Attention local farmers. The U.S. Department of Agriculture (USDA) will conduct a four-week Conservation Reserve Program (CRP) general signup, beginning on March 12 and ending on April 6. CRP has a 25-year legacy of successfully protecting the nation's natural resources through voluntary participation, while providing significant benefits to rural communities across the United States. Producers enrolled in CRP plant long-term, resource-conserving covers to improve the quality of water, control soil erosion and develop wildlife habitat. In return, USDA provides participants with rental payments and cost-share assistance. Over the past 25 years, farmers, ranchers, conservationists, hunters, fishermen and other outdoor enthusiasts have made CRP the largest and one of the most important of the USDA's conservation efforts. For more information on CRP and other FSA programs, visit the Wilkes County FSA Service Center at 207 W Main Street, Room 108, Wilkesboro, NC or http://www.fsa.usda.gov/.
MerleFest – presented by Lowe’s and slated forApril 24-27, 2014 – is well-known for its celebration and encouragement of talented young performers. The Acoustic Kids Showcases, a performance platform for the next generation of pickers, singers and traditional-style artists, allows youth to highlight their talents for music fans at the four-day festival. This builds upon the momentum established by the Youth Showcases, which have been mainstays at MerleFest for the past ten years. Hosted by performer Andy May, these showcases will provide an opportunity for young performers through age 16, regardless of skill level, to perform in a supportive environment. Young pickers, singers and those with related talents are encouraged to apply before the April 1 deadline. Selected participants will be notified by April 15. Selection is not based on how advanced a child’s performance might be, but rather it is based on a child's confidence in performing at his or her level. In fact, beginners are encouraged to apply. An application for the Acoustic Kids Showcases – and additional instructions and details about the Showcases – may be found at http://merlefest.org/YouthShowcases/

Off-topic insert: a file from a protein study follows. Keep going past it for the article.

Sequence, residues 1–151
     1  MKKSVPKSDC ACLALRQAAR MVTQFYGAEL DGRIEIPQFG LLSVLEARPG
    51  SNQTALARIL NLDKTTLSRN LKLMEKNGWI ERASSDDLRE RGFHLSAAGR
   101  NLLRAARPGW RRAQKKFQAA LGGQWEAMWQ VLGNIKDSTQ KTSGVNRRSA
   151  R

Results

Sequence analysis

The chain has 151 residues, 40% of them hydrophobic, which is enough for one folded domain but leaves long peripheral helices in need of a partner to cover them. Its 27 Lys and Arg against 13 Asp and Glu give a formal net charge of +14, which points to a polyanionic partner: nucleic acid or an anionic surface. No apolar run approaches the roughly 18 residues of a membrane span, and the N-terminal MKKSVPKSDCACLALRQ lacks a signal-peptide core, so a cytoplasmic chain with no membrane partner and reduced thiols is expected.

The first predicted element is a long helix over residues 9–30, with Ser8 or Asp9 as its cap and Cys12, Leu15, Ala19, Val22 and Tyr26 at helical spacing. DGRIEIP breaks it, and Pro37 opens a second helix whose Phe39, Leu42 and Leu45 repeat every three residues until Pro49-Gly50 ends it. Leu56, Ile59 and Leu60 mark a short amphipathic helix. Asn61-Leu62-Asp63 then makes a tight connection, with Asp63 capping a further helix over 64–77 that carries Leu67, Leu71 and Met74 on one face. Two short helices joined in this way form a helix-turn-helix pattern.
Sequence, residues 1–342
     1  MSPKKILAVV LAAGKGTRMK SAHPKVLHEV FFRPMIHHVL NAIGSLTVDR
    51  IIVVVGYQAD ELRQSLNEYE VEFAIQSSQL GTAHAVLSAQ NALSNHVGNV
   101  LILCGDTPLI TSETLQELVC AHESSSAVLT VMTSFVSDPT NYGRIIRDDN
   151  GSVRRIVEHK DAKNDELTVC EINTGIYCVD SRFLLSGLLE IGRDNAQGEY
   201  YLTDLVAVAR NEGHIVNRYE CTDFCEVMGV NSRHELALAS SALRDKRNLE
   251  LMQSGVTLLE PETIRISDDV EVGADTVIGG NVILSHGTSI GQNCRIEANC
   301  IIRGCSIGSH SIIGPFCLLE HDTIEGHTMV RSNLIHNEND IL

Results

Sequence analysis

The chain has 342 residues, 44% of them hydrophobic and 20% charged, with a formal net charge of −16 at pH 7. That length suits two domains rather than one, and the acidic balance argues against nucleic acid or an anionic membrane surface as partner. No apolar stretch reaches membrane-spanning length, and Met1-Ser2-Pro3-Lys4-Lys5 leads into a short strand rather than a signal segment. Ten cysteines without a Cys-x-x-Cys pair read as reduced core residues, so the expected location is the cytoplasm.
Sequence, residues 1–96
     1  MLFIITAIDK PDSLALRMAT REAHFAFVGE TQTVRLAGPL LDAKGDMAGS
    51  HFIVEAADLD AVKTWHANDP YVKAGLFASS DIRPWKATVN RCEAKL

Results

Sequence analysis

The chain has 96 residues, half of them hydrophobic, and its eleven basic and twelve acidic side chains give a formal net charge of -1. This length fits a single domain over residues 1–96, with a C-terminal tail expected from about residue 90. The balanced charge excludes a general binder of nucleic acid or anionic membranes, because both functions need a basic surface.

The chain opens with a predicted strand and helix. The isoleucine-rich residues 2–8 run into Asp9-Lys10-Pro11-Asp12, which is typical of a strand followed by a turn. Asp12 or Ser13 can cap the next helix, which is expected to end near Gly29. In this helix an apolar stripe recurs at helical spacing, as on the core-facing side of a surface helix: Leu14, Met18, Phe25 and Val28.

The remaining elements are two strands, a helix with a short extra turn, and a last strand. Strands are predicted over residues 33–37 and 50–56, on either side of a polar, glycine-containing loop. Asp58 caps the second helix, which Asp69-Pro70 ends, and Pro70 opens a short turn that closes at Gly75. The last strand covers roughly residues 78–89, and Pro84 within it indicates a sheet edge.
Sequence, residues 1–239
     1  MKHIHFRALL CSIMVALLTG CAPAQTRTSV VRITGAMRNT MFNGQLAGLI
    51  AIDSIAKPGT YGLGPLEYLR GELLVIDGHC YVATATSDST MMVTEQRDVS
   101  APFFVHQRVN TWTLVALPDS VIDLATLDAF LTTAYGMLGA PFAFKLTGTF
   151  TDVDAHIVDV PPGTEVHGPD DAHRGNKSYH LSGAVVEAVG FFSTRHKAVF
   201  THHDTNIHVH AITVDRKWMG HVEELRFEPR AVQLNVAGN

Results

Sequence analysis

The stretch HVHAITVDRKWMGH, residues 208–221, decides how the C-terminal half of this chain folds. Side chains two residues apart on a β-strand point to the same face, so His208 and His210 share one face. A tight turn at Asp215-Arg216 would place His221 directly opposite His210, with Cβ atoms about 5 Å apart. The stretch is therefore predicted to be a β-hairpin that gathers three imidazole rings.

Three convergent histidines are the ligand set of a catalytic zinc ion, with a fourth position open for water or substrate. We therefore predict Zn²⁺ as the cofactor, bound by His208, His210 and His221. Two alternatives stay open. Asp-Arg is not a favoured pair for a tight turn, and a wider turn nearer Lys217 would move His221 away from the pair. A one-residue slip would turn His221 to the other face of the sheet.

A new statewide training program to help people who work with youth recognize the signs, symptoms and risk factors of mental illnesses and addictions is the result of some good work on the part of N.C. DHHS Secretary Aldona Wos and Gov. Pat McCrory. But there is still much work to be done in providing treatment for those who suffer from mental illness. Wos on Friday recognized the first group of 32 instructors under the state's Youth Mental Health First Aid program. The group will train other adults in 95 counties who regularly deal with young people, according to a DHHS news release. The program is a positive step that appears to be in direct response to nationwide school safety awareness issues that intensified following the Sandy Hook Elementary School shooting on Dec. 14, 2012, in which a mentally ill young man fatally shot 20 school children and six adults. The Youth Mental Health First Aid program is part of the governor's N.C. Center for Safer Schools, which sponsored a series of public forums on school safety.